Yet never qualify me (from The Poem of the Sufi Way)

by Umar Ibn al-Farid

English version by Th. Emil Homerin
Original Language Arabic

Yet never qualify me
     as a companion near,
          which I regard an outrageous crime
               severing the rule of union.

For my arrival is my parting,
     my nearness, being far;
          my loving, my loathing,
               my beginning, my end.

By "her" I alluded to myself --
     and I meant none but me;
          for her sake I stripped off
               my name, namesake, and fame,

And set out far beyond
     where those before stood still,
          where minds went astray on accustomed paths,
               died and disappeared.

I have no attribute;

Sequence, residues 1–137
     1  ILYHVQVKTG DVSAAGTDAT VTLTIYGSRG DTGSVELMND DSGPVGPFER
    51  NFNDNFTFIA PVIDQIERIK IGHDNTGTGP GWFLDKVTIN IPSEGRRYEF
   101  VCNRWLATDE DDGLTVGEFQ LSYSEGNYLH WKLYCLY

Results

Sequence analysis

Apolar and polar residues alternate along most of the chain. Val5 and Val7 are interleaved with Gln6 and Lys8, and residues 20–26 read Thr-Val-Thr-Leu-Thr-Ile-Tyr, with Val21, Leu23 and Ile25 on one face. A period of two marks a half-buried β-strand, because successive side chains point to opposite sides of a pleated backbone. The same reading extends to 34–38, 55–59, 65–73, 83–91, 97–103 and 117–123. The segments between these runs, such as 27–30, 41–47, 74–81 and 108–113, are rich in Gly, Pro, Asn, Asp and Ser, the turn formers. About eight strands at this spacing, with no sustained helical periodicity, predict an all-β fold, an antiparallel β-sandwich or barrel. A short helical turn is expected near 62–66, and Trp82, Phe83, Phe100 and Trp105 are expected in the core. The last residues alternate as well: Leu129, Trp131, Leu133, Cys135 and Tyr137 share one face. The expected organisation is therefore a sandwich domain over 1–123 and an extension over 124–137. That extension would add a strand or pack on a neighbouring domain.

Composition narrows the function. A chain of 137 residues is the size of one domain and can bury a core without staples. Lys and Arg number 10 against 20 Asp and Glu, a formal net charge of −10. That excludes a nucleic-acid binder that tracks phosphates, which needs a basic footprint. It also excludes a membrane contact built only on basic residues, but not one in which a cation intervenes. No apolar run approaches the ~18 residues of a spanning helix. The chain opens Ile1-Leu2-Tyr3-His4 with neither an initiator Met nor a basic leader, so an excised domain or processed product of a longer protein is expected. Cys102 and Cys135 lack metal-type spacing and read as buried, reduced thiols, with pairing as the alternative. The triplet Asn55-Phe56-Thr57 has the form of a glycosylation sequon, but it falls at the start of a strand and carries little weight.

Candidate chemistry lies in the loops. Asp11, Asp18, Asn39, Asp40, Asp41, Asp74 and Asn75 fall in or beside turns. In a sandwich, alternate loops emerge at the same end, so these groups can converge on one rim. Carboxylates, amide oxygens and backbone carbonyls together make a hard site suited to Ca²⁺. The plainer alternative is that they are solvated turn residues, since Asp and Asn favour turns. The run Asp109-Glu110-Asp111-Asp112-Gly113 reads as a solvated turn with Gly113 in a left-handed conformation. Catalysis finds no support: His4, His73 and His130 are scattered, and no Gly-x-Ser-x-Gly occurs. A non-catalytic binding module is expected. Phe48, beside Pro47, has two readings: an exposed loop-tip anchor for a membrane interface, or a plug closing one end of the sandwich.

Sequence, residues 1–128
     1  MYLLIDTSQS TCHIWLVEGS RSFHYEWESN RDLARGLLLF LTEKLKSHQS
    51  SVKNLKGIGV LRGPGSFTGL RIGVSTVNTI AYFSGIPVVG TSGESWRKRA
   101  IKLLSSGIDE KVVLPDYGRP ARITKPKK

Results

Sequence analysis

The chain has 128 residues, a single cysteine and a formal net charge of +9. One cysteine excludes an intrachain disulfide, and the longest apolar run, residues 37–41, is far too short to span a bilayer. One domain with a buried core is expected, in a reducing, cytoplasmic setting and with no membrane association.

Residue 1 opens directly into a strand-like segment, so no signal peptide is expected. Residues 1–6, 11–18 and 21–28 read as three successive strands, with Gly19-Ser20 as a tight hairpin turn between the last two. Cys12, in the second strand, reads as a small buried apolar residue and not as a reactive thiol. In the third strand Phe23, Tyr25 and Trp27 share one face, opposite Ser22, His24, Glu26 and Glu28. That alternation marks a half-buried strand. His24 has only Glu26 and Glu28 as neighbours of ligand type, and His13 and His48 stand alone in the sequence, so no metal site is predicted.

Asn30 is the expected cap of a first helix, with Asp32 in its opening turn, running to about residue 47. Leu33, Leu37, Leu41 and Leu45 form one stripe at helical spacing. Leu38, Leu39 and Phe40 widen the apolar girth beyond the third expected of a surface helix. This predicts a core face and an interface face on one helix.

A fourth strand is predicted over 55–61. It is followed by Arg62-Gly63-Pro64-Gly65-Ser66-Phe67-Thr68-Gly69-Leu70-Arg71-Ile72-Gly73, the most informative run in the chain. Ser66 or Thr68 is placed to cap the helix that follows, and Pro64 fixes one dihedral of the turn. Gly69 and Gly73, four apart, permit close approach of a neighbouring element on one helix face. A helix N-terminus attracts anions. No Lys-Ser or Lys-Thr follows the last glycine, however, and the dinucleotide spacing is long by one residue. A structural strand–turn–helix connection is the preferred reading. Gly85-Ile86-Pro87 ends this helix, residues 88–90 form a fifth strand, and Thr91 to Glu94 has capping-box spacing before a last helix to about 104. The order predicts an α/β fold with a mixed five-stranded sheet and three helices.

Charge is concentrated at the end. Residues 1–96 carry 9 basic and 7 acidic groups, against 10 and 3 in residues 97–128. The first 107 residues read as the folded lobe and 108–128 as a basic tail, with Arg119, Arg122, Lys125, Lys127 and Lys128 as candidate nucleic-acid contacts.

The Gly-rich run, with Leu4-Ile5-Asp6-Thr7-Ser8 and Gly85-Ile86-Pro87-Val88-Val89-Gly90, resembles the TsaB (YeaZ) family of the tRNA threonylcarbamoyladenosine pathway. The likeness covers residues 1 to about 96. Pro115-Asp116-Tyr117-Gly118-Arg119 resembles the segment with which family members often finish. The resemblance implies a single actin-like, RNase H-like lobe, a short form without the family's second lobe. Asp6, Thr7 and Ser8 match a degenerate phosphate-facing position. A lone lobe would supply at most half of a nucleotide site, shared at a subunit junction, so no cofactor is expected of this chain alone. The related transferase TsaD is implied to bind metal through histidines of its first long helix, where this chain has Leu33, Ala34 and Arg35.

that is a stamp, as a name is a brand,
          but if you must, speak of me
               allusively or with metaphor.

I ascended from "I am she"
     to where there is no "to,"
          sweetening my existence
               by my return

From "I am I,"
     for an inner wisdom
          and outer laws
               to begin my call.

-- from Umar Ibn al-Farid: Sufi Verses, Saintly Life, Translated by Th. Emil Homerin

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Recommended Books: Umar Ibn al-Farid

Umar Ibn al-Farid: Sufi Verses, Saintly Life Sufi Poems: A Mediaeval Anthology From Arab Poet to Muslim Saint: Ibn Al-Farid, His Verse, and His Shrine The Wine of Love and Life: Ibn Al-Farid's Al-Khamriyah and Al-Qaysari's Quest for Meaning

Yet never qualify